- The impact of the Severe Acute Respiratory Syndrome (SARS) outbreak on many tourism destinations is already greater than last year's terrorist attack on Bali, while airlines have been hit harder than they were by the war in Iraq, says World Tourism Organization (WTO) Secretary-General Francesco Frangialli.
The World Health Organization, with which WTO maintains close cooperation, has never experienced a comparable event in its history, and the characteristics of this atypical pneumonia - its rapid spread from one corner of the planet to another by travellers, cases of transmission during hotel stays, in restaurants, places of entertainment, or even during airplane trips - make it a phenomenon that is perceived to be linked with tourism itself, even though local transmission (close contact in households, hospitals and other contexts) is more prevalent by far.
Out of the 6,000 probable cases of SARS, only five are believed to have possibly resulted from transmission in a cabin, and those occurred before screening procedures and other security measures were introduced in many airports and companies.
"We deeply sympathize with those affected," says Mr Frangialli. "But although it is important for the tourism industry to take SARS very seriously, it should not over-react to an epidemic which seems to have been brought under control in most countries which had been affected." Coming on top of an already weak international economic scene, the full significance of the outbreak is yet to be known.
The outbreak's impact on global tourism activity is liable to be all the more severe since, as in the case of the Bali attack last year, it chiefly concerns the only region in the world, Asia-Pacific, that has recently seen strong, sustained growth in its flows (8 percent in 2002). Moreover, the reality of the epidemic is being compounded by its intense coverage by the media, which has led to a veritable wave of paranoia in certain countries. In such circumstances, Asian destinations that have not recorded any cases of [localised] infection to date, (India, Indonesia, Malaysia, Cambodia, the Philippines, Thailand…) have suffered almost as much as the areas actually affected, China, Hong Kong and Singapore.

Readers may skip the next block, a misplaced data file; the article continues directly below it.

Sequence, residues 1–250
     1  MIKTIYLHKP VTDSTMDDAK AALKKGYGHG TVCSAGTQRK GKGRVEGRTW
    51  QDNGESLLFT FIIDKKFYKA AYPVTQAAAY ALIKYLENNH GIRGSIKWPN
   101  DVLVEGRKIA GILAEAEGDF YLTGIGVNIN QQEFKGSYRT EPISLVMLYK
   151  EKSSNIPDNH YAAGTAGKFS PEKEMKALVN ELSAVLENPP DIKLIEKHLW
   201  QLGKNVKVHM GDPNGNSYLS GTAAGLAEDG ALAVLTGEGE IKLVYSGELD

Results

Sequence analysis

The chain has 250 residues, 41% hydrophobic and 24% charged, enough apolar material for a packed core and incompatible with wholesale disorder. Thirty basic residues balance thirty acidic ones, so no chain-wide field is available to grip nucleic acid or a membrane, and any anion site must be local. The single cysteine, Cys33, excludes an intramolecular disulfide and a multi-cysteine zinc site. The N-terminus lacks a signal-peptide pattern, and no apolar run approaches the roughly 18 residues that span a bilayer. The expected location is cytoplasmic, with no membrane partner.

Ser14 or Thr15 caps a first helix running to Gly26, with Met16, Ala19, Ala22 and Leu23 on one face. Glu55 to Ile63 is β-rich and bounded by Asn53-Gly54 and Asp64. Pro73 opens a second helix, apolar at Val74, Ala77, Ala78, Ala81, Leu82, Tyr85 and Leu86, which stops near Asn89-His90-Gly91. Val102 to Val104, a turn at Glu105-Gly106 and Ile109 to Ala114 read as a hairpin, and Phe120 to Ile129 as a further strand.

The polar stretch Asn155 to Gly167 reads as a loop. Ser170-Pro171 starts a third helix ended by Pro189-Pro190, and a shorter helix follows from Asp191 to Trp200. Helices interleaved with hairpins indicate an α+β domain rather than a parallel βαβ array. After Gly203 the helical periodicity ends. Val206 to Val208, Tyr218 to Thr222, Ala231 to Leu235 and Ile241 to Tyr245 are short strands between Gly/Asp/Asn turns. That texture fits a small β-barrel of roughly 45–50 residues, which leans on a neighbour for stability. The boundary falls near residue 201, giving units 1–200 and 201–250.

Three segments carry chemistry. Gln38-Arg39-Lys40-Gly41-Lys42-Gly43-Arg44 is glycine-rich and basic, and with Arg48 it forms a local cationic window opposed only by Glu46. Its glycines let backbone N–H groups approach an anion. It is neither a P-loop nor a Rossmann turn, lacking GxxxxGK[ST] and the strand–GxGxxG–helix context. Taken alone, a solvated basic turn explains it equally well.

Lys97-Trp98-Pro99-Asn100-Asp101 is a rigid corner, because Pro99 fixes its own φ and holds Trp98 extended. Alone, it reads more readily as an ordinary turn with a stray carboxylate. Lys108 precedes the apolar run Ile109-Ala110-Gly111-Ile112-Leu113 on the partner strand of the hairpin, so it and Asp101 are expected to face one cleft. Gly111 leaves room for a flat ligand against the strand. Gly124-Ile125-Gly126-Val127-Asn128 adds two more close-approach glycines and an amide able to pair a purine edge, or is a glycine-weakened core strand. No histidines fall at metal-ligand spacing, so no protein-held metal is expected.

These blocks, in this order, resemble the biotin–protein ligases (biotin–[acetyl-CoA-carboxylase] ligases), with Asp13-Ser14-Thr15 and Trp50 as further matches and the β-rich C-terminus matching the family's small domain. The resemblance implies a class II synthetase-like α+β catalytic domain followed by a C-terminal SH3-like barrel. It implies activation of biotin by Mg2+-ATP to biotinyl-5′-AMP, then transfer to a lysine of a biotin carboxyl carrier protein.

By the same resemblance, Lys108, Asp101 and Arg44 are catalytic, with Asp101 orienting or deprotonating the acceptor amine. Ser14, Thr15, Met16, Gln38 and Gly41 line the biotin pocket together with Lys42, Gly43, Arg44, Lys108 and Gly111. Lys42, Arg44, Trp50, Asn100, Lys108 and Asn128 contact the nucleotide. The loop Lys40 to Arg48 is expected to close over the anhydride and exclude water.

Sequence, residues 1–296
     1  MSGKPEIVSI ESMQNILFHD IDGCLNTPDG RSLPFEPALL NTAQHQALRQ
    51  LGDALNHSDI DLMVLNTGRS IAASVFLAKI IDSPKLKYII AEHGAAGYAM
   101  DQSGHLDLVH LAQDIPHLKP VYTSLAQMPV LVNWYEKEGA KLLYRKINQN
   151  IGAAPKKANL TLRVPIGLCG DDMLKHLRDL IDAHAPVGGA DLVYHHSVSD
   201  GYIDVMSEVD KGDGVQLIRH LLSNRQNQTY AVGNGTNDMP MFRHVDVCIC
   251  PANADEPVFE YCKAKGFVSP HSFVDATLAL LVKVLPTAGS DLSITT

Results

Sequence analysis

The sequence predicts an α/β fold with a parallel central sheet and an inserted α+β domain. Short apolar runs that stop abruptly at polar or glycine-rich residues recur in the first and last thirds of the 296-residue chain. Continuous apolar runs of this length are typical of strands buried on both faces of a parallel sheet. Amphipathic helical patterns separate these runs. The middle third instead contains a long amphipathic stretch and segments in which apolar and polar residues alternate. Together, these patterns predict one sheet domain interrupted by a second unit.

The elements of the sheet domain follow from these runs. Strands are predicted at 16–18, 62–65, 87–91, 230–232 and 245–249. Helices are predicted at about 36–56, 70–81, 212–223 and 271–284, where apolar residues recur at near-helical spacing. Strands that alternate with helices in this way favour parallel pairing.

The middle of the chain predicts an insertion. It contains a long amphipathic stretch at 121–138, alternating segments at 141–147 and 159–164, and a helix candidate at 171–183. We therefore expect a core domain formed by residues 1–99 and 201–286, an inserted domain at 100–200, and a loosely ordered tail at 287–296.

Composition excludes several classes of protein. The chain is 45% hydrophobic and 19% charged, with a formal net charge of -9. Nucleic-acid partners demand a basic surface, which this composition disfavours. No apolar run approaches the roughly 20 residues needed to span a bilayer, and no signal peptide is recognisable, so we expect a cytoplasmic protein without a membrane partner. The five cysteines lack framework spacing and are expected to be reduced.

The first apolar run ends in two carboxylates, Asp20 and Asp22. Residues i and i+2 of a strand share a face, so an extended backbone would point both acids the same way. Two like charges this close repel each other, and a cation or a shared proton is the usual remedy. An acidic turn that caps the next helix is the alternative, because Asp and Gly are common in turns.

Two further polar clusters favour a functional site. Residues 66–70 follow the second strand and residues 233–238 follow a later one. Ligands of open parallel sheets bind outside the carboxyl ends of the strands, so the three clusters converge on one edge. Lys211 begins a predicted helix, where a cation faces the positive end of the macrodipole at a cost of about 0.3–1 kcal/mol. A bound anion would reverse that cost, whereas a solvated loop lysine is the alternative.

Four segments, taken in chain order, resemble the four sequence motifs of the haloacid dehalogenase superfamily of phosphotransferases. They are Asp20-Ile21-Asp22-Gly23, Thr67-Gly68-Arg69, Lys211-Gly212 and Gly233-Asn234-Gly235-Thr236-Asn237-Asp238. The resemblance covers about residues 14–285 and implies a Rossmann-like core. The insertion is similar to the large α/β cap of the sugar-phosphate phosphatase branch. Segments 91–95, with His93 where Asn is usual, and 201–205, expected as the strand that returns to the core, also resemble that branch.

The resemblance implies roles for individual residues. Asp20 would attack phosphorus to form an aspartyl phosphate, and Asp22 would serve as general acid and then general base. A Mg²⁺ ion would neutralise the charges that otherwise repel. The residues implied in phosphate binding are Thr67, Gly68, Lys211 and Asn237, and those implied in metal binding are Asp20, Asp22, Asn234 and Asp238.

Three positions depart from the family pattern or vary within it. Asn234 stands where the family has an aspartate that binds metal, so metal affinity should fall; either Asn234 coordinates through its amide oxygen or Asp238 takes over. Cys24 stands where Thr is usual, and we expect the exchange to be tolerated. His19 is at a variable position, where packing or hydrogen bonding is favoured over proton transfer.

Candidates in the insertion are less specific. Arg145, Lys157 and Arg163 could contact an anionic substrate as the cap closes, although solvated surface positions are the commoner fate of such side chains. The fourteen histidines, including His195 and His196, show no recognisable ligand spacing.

The issuance of travel warnings by the WHO to address this health crisis, justified as they may be in this case, has elicited protests, and once again raises the issue of the content of such warnings and the conditions for their dissemination. But it is worried that advisories from individual countries do not always reflect the geographical scope or duration of the recommended restrictions and that they often have serious consequences on the economy in general and tourism in particular, of a destination.
The WTO has announced its intention of launching, as soon as circumstances allow, an initiative regarding such advisories, which often have heavy consequences for the countries concerned.
"While governments and other institutions must assume their responsibilities in protecting citizens from proven risks, the recommended restrictions should be no broader than strictly needed to avoid creating additional problems for industries like tourism which can make such a decisive contribution to social and economic development," says Mr. Frangialli.
Predicting that tourism growth will recover in the second half of the year, he does not foresee any substantial changes to WTO's previous forecasts of an increase this year on last year's total of 715 million international tourist arrivals.
"But the industry's performance will be challenged, especially in the fastest growing region of Asia and the Pacific which showed an 8% increase in 2002," he adds. WTO research shows travellers' reactions are following the pattern of last year, with people making later bookings, a high degree of price-sensitivity and many deciding to stay within their own region or country.
To meet these changes, tourism companies have shown flexibility by switching capacity away from areas seen to be at risk, monitoring the market to fine-tune products to meet demand, and waiving penalty charges for changes in destination or cancellations.
After previous crises, Mr Frangialli believes the tourism industry is now stronger and better prepared and to recuperate from the effects of SARS. "There is increasing awareness that risk is no longer associated exclusively with specific destinations; that risk can exist in one's own backyard."